Effect of hydroxyurea on sperm count, motility and morphology in adult men with sickle cell or myeloproliferative disease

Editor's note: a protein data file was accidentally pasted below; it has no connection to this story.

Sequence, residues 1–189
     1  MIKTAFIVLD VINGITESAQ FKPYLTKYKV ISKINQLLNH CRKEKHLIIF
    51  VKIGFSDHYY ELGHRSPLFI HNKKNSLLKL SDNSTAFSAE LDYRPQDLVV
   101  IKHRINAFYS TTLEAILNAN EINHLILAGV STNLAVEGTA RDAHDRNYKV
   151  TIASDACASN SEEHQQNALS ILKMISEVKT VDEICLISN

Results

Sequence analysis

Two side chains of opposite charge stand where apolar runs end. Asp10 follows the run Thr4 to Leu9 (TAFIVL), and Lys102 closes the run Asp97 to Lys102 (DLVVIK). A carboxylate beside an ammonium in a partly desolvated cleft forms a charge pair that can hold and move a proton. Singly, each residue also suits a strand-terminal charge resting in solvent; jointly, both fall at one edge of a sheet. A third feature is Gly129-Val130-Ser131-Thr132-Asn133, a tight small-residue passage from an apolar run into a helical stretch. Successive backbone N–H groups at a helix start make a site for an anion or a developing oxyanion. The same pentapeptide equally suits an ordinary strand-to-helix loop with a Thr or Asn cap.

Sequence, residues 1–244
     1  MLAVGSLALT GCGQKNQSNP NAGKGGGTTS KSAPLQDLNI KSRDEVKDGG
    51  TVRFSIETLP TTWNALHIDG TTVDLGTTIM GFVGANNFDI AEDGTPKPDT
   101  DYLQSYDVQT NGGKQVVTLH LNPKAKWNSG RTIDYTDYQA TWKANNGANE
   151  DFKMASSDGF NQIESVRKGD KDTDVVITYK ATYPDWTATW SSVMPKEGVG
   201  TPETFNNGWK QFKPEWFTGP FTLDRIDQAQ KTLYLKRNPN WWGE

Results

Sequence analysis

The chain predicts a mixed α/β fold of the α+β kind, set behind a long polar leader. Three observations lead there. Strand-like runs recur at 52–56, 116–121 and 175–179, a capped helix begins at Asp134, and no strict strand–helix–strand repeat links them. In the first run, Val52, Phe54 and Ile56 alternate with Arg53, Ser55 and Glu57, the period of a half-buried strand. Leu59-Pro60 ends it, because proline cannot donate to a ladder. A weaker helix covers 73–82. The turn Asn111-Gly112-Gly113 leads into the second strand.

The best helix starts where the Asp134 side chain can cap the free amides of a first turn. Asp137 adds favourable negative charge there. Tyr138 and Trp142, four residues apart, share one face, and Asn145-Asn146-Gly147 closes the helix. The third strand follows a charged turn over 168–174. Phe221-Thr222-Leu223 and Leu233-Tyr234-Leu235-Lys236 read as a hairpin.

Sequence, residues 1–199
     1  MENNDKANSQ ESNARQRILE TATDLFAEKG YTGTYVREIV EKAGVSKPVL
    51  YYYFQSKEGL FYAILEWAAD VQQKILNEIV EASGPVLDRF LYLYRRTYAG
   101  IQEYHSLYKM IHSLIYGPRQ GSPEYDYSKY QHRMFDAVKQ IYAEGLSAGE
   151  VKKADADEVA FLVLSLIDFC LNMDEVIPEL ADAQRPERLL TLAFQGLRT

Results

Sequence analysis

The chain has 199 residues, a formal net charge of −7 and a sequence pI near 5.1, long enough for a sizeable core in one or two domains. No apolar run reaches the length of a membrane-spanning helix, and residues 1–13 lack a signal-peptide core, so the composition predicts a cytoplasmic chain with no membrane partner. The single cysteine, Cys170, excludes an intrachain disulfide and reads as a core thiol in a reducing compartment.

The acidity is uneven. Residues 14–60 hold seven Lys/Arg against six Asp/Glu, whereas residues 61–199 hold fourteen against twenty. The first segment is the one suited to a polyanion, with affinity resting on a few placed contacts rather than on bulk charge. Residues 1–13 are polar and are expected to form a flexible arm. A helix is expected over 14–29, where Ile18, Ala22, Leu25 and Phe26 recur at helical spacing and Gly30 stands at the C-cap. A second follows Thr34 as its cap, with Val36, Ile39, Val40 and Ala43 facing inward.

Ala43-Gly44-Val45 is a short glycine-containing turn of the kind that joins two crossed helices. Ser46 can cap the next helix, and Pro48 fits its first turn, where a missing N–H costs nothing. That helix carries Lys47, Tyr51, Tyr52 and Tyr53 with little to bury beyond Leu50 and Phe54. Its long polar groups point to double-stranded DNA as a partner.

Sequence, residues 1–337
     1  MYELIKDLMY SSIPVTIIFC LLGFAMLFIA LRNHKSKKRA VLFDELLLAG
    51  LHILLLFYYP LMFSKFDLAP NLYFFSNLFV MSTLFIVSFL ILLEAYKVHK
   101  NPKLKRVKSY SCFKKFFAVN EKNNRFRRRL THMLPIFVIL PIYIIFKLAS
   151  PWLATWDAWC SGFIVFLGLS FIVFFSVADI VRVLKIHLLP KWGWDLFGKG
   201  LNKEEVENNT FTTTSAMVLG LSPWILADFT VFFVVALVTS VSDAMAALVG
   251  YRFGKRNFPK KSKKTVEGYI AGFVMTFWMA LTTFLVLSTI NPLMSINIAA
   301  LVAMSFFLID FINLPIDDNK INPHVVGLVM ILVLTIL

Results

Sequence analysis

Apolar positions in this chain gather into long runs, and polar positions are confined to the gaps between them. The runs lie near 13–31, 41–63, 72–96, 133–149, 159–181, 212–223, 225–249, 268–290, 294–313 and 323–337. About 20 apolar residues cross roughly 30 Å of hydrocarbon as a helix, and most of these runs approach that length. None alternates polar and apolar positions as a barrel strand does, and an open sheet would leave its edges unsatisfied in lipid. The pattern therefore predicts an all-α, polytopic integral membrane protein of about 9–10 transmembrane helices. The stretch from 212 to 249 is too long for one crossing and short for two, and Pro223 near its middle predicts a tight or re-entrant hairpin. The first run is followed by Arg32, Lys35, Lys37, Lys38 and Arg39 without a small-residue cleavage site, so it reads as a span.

Hydroxyurea (HU) is not infrequently used in patients with sickle cell disease and myeloproliferative disorders. Despite murine data showing adverse effects on sperm counts, motility and morphology, there is little information on the effect of HU on human spermatogenesis. A retrospective review of four adult men who had semen analysis during HU therapy and in three cases after its cessation suggests that HU generally reduces sperm counts and motility and results in abnormal morphology. Cessation of HU in one case with azoospermia resulted in recovery of spermatogenesis; in two of the three cases, however, sperm morphology and mobility remained impaired. Recommendations for fertility management in adult men receiving long-term HU therapy are proposed.